But Connery came in with that walk of his, a kind of fluid swagger that Broccoli later described as “the threatening grace of a panther on the prowl.”
Poorly dressed and with his thick Scottish burr, Connery delivered his theory of Bond, pounded the desk to make his points, and then sauntered out, leaving the two producers dumbfounded.
“I used strong and commanding movements ,” explained Connery of that fateful day. “Not with weight, but to show how Bond is always in control of a scene.” It worked. And so did his fee of only $16,500.00, compared to the other big names, which were just too big for Dr No’s $1 million budget.
Connery ran with the part, adding a blue-collar arrogance to the character written by Fleming as a more superbly efficient upper-class Brit. Connery also injected an ingredient largely alien to Fleming’s Bond: humour.
It came in the form of teases, Miss Moneypenny, the secretary of Bond’s boss being the most frequent target, and racy double entendres. In bed with yet another knockout dame in Goldfinger, Bond answers the phone and declines a dinner invitation with “something big’s come up.”
Connery’s Bond had a levity and innate cruelty but was light-footed enough to roll with the campy punches- not to mention dagger-tipped kicks and razor-edged bowler hats.
“I look for humour in whatever I’ m doing,” mused Connery, “as long as the humour fits the character and the story.” His early role models were Spencer Tracy, Cary Grant (“probably the most underrated actor to appear on screen”), Marlon Brando (“the most watchable of American actors”) and Sir Ralph Richardson. ” I adored his acting,” he said. “He always found something quite humorous in his way of doing things.”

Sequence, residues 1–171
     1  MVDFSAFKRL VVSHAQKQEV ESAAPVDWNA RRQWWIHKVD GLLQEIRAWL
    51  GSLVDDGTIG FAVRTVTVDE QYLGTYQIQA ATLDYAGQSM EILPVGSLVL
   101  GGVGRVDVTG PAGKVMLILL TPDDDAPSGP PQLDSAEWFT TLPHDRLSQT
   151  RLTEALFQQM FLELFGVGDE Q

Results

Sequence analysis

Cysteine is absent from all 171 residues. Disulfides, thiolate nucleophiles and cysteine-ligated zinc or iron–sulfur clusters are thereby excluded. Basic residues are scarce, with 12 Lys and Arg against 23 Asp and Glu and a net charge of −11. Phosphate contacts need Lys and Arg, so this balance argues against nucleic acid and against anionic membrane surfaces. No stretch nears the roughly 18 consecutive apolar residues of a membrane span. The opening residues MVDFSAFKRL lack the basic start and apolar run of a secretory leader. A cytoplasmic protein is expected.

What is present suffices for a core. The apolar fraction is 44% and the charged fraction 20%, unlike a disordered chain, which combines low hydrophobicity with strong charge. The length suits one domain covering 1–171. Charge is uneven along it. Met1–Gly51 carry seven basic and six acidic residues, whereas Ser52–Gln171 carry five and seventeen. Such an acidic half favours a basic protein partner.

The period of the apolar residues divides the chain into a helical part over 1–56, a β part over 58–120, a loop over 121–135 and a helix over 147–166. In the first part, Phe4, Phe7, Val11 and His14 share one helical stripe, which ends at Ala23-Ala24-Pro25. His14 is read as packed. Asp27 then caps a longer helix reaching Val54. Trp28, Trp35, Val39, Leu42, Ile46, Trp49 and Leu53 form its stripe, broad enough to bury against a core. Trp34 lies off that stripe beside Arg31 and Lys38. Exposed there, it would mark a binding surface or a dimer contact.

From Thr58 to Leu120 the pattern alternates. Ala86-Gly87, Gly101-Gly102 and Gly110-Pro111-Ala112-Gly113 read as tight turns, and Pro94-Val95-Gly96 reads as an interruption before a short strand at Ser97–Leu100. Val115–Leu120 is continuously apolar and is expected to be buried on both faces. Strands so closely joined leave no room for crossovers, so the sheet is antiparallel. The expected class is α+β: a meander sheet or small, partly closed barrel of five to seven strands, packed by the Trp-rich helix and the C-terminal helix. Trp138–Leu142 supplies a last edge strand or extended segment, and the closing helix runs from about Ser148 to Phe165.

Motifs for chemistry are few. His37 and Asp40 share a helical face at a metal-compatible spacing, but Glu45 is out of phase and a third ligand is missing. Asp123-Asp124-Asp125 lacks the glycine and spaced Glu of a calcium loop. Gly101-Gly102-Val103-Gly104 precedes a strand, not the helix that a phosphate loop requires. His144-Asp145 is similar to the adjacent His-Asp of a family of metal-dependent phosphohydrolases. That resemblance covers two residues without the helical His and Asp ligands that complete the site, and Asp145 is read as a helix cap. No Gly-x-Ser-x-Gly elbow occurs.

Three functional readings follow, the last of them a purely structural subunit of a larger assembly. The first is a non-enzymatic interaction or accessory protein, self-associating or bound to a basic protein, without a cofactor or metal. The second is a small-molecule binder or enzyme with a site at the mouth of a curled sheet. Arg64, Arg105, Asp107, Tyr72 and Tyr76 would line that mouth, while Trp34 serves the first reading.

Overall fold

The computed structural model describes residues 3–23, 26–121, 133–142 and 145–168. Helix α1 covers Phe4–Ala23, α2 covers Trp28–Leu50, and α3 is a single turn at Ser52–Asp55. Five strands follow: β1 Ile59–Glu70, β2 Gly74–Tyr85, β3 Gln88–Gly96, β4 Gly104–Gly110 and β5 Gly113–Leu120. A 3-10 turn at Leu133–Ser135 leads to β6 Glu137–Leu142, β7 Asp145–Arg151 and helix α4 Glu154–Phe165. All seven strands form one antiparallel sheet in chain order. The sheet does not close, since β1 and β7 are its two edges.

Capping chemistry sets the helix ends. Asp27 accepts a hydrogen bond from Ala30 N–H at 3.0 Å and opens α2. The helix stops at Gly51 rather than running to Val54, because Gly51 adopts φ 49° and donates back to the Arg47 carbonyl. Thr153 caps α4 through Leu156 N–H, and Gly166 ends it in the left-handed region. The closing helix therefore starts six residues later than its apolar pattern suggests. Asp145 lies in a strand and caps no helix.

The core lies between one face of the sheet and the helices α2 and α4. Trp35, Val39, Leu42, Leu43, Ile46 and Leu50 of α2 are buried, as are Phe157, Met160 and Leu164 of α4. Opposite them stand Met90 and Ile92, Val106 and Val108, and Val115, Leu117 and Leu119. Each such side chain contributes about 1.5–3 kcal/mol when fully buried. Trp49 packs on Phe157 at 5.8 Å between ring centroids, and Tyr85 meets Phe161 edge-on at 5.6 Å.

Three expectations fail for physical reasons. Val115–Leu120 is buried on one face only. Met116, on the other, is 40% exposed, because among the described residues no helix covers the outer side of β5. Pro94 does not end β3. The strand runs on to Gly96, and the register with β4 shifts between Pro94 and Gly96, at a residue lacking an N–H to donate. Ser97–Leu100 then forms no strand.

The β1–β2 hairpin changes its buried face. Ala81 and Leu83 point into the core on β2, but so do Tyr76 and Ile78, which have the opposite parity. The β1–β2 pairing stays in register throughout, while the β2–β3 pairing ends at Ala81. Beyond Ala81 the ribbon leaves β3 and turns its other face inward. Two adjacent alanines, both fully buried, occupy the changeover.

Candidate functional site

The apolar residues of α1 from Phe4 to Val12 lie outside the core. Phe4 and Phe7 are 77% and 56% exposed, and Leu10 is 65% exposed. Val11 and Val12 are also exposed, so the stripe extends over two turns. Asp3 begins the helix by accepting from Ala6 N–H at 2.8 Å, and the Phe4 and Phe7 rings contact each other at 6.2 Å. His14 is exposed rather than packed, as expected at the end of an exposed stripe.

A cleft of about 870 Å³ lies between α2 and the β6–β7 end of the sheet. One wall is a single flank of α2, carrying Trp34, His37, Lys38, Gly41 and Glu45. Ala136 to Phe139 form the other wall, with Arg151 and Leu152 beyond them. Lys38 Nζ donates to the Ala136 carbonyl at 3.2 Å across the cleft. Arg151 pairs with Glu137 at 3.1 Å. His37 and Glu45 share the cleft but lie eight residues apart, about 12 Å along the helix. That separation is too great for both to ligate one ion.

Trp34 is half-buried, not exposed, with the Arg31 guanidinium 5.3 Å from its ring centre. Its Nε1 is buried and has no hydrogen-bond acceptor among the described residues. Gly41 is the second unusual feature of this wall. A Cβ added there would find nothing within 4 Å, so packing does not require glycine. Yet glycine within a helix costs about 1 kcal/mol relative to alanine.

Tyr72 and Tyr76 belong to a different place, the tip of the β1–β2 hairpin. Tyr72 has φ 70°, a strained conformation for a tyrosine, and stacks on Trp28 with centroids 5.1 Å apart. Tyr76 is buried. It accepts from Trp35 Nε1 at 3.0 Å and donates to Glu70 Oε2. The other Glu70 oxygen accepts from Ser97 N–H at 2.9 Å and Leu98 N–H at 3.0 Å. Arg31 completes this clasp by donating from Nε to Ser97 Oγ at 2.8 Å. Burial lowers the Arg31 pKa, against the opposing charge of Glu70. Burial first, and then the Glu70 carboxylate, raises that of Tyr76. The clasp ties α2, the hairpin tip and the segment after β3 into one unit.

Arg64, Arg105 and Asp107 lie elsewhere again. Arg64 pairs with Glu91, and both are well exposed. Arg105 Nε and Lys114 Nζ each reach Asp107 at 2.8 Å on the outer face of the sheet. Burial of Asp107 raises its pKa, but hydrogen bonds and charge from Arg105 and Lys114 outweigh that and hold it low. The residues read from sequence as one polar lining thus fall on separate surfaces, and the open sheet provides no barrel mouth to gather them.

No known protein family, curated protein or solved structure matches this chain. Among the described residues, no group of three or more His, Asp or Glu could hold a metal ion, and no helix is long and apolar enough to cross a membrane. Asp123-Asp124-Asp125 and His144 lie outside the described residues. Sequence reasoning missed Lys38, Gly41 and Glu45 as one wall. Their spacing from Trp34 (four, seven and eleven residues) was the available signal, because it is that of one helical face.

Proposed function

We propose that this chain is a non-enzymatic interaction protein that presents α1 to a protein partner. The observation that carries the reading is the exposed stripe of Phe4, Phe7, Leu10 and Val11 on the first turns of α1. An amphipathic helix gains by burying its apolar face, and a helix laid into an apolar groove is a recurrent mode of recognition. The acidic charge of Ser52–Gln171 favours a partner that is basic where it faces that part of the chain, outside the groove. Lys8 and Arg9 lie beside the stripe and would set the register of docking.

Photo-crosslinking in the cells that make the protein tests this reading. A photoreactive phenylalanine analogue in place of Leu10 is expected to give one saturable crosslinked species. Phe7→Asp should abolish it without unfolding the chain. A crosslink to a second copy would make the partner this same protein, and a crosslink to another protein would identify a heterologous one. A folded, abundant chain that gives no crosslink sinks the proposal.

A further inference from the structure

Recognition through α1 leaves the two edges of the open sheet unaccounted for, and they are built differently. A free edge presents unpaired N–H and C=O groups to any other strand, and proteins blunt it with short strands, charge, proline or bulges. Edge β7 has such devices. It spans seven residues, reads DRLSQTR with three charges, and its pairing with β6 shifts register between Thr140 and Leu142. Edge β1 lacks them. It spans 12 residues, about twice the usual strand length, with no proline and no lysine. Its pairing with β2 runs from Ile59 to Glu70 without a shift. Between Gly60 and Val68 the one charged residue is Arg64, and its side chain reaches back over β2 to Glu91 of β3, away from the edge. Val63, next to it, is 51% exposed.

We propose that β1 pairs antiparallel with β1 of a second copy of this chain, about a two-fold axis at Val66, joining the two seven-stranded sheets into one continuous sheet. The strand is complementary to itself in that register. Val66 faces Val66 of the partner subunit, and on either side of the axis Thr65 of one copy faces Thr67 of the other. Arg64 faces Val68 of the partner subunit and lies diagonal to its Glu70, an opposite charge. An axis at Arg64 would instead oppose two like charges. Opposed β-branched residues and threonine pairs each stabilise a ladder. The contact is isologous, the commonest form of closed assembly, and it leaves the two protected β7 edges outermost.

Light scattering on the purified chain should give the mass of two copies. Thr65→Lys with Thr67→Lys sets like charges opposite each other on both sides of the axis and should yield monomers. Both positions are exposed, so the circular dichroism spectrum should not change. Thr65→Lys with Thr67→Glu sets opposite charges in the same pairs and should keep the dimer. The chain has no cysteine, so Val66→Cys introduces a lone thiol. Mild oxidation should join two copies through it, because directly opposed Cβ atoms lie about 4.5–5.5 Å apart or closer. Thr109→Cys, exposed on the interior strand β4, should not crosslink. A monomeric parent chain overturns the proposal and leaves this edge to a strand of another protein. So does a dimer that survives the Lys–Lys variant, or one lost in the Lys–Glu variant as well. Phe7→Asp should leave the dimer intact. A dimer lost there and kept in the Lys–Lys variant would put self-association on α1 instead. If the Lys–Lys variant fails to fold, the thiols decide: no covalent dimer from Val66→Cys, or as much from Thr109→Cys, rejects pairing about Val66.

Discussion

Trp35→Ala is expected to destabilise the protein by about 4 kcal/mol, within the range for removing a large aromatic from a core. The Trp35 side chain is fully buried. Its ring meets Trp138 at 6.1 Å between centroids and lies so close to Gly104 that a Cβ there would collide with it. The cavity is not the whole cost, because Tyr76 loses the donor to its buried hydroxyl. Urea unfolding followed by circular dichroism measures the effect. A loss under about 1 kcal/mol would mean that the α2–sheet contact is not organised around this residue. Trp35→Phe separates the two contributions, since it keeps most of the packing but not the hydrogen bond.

Students of pop culture attribute the 007 phenomena to America’s need for a suave hero after the assassination of President John F. Kennedy, who was himself an avid Ian Fleming fan. Not only did JFK list Thunderball as one of his favourite books back in 1960, but he even had Fleming over for dinner one night at his Georgetown residence.
On the threshold of the ’60s sexual revolution, the Beatles were taking care of the girls, but all women wanted Bond, and all men wanted to be Bond. The only exception was Connery himself.
No matter how good he was at essaying the role, he was growing increasingly worried that he would be stamped as 007 forever and was never at peace with the frenzied adulation and attention.
On one occasion-while on location in Japan shooting You Only Live Twice, Connery was at dinner. After retreating to the men’s room, he looked up from the urinal to find a photographer snapping photos of him relieving himself. For Connery, that was the last straw.
“The problem was that Bond was just so damn popular; the public only wanted to see me doing that,” Connery sighed. “All I can do now is what’s interesting and rewarding for me. To try to erase the image of Bond is next to impossible.”
Connery admitted the series became almost a straightjacket for him. The films often did not start shooting when they were supposed to, and it was impossible to get a completion date. Connery never knew when he might be free to make a non-Bond movie. And he desperately wanted to.
“For me, what became wrong with the Bond films was that they just got further and further into the technological stuff and science fiction stuff, which was not very interesting for me,” admitted Connery…And they kind of lost the plot in terms of having some sort of story.”
But if he had to pick his favourite James Bond film? ” I guess I’d have to say From Russia With Love, heavy on intrigue and light on technology,” said Connery.
After finally ripping up his license to kill after 1971 ‘s Diamonds Are Forever, Connery returned to Bond in the competitor’s 1983 attempt Never Say Never gain, but Connery came away from the experience disheartened.
Connery said he’s constantly offered action scripts, “where it’s all action, action, action, right to the end. But my personal choice is for something much more than just that.”